My friend Frankie the Sage Cat is smarter than some pundits who appear on television to give their two cents’ worth. But he’ll never be invited to guest on any show. You see, Frankie’s views can be a bit far-out even when it comes to the shipping industry. He’s an iconoclast at heart, always ready to criticise institutions and people’s cherished beliefs. This was evident once again during Marine Café Blog’s latest conversation with the fellow.

Marine Café Blog: You seem to be carrying on as usual. Hanging about in the garden, for instance. Aren’t you concerned about COVID-19?
Frankie: Why should I be? I never go malling like you humans. I had quarantined myself long before they coined the buzzword “social distancing”.

MCB: You’re anti-social. Admit it.
Frankie: No, I’m not! I just don’t like the thought of going out and crossing paths with idiots.

MCB: As of noon of 21st April, figures from John Hopkins University showed 2,478,153 confirmed cases worldwide. A total of 170,368 have died. Doesn’t that make you sad?
Frankie: Of course I feel sad. If not for you humans, I wouldn’t have chicken for dinner and canned tuna for my midnight snack. But let’s put things in perspective. Bombs and bullets have caused more deaths in the wars in Iraq, Afghanistan, Syria and Yemen compared with that darn coronavirus.

MCB: Hmm, that’s something to think about.
Frankie: It’s a crazy world, I tell you. There are shortages of protective gear for doctors and nurses, but the world never runs out of weapons to maim and kill.

MCB: Some experts are saying the world won’t be the same after COVID-19.
Frankie: Are they kidding? The world has known several pandemics. Have they changed the way people and governments behave? Anyone who believes that the billions of dollars spent on armaments will now go to health care is a fool.

The world has known several pandemics. Have they changed the way people and governments behave?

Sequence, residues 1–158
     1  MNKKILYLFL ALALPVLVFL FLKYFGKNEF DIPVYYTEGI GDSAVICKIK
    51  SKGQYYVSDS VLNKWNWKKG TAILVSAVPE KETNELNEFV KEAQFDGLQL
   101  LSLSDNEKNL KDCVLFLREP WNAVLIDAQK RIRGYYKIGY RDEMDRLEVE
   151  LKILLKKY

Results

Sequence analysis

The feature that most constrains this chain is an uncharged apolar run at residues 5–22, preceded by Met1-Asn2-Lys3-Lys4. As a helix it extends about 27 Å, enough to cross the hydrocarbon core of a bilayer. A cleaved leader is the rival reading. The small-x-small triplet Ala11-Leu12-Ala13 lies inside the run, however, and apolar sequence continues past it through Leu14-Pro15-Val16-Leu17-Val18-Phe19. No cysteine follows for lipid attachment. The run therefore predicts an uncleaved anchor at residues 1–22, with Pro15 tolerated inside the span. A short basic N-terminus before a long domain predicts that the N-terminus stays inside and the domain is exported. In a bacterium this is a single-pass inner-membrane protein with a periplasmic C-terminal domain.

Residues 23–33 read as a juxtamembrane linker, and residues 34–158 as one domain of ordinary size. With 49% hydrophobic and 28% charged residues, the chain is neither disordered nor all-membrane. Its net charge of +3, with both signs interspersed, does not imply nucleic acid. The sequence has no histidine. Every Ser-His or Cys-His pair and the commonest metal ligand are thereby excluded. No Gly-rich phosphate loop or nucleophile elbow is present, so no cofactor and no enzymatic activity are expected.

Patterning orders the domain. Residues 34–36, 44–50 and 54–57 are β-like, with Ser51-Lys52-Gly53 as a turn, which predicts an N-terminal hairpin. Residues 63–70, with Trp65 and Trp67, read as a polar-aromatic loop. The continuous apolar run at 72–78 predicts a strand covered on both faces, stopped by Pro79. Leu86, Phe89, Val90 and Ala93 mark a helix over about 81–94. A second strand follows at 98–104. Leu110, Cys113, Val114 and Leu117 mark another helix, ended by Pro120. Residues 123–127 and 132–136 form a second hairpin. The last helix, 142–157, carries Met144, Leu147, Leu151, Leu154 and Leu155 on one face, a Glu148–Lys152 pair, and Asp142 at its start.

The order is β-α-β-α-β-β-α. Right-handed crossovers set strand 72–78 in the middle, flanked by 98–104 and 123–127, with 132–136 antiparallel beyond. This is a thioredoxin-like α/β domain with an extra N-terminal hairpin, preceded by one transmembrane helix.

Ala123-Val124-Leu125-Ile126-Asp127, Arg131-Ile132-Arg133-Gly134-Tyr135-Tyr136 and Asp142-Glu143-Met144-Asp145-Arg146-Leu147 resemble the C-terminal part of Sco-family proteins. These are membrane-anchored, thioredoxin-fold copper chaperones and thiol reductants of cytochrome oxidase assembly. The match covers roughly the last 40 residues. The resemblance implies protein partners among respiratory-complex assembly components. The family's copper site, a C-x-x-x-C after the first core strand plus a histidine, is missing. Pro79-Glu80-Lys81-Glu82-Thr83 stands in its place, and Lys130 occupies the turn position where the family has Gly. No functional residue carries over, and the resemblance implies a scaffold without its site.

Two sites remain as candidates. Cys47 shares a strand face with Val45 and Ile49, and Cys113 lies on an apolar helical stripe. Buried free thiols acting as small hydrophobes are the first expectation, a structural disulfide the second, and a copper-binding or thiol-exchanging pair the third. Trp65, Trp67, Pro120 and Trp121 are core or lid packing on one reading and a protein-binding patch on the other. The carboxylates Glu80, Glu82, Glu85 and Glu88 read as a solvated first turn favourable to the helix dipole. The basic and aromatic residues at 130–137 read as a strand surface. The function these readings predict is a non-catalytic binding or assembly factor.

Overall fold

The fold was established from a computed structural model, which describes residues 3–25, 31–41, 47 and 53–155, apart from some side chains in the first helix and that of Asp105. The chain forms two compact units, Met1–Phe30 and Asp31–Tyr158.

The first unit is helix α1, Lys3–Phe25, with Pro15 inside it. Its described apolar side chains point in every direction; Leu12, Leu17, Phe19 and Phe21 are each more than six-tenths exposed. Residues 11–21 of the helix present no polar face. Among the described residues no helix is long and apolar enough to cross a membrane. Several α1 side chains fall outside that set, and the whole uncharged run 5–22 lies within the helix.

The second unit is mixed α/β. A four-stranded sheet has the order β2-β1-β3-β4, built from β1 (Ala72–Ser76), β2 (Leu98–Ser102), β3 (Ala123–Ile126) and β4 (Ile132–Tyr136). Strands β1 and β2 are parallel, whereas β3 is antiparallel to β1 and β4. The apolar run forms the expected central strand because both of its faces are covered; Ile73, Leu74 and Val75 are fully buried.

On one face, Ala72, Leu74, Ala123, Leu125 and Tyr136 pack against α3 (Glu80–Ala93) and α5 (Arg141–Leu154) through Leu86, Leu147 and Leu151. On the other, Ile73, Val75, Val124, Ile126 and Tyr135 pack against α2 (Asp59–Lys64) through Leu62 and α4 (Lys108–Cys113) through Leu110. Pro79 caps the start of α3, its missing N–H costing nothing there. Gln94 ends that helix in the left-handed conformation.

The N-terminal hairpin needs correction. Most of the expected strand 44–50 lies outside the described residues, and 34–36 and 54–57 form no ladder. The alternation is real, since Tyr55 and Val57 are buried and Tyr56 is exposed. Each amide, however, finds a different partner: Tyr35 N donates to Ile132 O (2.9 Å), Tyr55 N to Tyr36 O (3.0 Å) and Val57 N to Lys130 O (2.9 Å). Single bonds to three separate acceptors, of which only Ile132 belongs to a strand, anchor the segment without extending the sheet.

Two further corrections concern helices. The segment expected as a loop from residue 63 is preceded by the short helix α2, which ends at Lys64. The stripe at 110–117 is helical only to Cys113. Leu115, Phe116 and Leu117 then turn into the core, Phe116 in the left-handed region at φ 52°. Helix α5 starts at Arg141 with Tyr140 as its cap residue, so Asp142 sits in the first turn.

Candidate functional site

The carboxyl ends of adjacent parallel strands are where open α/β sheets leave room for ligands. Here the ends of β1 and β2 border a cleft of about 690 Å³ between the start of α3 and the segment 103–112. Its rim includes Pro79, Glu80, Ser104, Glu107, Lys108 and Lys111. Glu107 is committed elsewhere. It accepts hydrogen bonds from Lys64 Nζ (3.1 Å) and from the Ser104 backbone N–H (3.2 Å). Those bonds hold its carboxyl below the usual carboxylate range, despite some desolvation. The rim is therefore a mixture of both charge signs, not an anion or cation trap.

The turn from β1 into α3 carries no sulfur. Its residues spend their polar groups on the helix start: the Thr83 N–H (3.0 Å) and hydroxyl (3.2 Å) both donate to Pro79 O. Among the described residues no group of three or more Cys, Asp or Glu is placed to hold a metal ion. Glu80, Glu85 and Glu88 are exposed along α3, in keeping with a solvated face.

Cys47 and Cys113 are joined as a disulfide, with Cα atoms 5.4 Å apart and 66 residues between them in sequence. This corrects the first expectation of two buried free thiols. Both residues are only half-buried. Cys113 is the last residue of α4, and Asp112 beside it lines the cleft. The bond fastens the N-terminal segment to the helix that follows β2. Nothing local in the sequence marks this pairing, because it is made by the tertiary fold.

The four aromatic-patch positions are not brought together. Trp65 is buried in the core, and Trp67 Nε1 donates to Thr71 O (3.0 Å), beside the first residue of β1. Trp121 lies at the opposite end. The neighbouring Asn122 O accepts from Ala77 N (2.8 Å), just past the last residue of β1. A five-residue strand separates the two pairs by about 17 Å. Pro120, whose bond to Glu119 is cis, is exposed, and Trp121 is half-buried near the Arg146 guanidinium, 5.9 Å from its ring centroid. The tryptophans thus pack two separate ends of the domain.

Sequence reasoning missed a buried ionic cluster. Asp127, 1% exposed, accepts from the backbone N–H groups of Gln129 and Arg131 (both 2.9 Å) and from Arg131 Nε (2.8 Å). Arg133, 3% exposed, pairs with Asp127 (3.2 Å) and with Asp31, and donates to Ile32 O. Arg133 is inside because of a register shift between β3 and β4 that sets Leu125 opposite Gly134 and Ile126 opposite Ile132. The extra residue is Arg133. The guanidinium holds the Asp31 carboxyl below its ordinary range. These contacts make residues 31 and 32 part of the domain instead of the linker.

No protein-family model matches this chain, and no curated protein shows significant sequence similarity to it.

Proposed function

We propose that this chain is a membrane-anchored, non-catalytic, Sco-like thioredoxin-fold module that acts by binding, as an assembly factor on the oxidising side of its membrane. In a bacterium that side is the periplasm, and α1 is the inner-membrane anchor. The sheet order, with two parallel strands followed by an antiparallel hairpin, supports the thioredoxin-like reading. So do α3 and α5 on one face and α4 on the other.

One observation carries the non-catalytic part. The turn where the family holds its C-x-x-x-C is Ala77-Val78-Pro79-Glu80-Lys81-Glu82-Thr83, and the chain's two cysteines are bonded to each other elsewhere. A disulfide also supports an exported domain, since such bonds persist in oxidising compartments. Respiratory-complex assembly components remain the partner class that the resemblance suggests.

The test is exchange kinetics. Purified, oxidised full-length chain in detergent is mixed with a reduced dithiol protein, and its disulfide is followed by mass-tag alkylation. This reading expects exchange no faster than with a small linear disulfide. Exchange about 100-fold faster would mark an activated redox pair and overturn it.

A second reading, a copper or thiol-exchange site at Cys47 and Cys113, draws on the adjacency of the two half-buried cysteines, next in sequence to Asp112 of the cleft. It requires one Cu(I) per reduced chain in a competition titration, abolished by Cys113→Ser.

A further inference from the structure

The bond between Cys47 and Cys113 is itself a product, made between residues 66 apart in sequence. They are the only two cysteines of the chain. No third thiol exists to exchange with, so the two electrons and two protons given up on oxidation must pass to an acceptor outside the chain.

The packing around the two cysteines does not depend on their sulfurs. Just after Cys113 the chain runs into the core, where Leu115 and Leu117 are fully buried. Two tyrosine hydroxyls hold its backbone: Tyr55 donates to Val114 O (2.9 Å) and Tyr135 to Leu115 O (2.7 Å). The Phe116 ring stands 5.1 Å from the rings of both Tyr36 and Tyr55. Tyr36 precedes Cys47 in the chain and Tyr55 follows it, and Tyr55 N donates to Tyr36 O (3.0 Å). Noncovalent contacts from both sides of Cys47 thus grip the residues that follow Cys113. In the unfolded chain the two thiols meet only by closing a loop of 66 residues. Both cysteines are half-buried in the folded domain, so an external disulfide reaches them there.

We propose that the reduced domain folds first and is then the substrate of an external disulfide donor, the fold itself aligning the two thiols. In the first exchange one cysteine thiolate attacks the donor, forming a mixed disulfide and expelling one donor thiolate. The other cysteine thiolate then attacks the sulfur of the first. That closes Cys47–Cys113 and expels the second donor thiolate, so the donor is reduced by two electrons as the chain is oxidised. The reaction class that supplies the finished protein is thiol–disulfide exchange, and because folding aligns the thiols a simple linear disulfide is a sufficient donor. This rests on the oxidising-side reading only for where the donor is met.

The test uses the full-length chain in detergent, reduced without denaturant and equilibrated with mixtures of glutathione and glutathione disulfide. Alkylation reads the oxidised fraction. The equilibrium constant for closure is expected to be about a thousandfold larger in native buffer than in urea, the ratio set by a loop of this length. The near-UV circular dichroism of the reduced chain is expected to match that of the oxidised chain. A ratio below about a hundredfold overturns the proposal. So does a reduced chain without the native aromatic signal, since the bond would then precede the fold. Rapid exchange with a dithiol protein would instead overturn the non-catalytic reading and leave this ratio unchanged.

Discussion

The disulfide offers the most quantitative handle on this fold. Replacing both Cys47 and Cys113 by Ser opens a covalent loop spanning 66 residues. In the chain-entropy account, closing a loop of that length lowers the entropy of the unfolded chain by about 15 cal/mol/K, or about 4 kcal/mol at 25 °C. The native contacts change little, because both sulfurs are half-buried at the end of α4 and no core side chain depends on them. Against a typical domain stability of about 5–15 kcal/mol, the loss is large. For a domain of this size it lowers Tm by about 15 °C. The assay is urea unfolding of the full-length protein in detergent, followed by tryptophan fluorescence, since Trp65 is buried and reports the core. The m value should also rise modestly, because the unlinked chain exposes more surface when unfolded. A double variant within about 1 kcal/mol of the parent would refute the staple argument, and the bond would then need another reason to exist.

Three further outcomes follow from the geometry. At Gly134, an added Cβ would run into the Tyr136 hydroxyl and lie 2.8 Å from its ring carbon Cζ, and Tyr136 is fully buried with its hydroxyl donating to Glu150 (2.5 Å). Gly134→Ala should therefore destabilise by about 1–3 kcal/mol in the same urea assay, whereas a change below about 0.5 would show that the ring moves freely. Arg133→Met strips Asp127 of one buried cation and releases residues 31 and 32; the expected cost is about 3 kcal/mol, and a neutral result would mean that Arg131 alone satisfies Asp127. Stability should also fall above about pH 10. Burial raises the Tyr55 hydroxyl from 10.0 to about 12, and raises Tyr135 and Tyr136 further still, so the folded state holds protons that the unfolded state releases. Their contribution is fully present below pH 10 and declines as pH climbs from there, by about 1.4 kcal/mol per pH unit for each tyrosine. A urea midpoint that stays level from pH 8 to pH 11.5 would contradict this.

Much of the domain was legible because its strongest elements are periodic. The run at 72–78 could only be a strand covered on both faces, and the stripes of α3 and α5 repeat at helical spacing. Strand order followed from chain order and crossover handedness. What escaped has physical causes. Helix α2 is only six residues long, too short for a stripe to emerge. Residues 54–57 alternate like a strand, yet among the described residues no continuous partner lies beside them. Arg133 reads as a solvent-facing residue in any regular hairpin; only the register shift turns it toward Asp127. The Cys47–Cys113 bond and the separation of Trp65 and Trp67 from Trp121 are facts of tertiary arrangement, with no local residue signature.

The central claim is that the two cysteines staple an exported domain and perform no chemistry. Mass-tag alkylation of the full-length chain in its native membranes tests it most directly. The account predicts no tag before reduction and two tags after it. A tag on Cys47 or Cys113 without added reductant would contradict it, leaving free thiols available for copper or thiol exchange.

~ Frankie the Sage Cat

MCB: Do you see a deeper meaning in this pandemic?
Frankie: I’d like to draw a parallel with Noah and the Great Flood, but the atheists would raise their eyebrows at any suggestion of divine intervention. I’ll just say that viruses are the perfect cure for hubris.

MCB: Could you elaborate?
Frankie: Humans are full of pride. They believe that they have dominion over all of creation. Look at how they madly drill for oil in the oceans and frack natural gas from the land. Or the way they destroy forests to make way for palm oil plantations. Woe to the wild birds and the orangutans.

MCB: Are you suggesting that COVID-19 is nature’s way of getting back at humans?
Frankie: Well, what goes around comes around.

MCB: But the world needs energy.
Frankie: Tell that to Greta Thunberg.

MCB: What do you think is the single most important lesson to be learned from this pandemic?
Frankie: Simplify. Simplify. Simplify.

MCB: Meaning?
Frankie: Humans should learn to scale down their wants and adopt simpler lifestyles. They’re too obsessed with having more and more, and the bigger the better. Why build mega cruiseships that are floating Petri dishes for all kinds of germs? Why travel to so many foreign countries and then post selfies on Facebook? Why not spend some quiet time at home and read a book?

MCB: If people only bought what they needed, the malls may have to close down.
Frankie: I think that wouldn’t be such a bad idea. Children should be playing outdoors and enjoying the sunlight instead of lounging around in shopping centres. By the way, could you get me some salmon once the lockdown is lifted? I’m kind of tired of having chicken and tuna all the time.

~ Barista Uno

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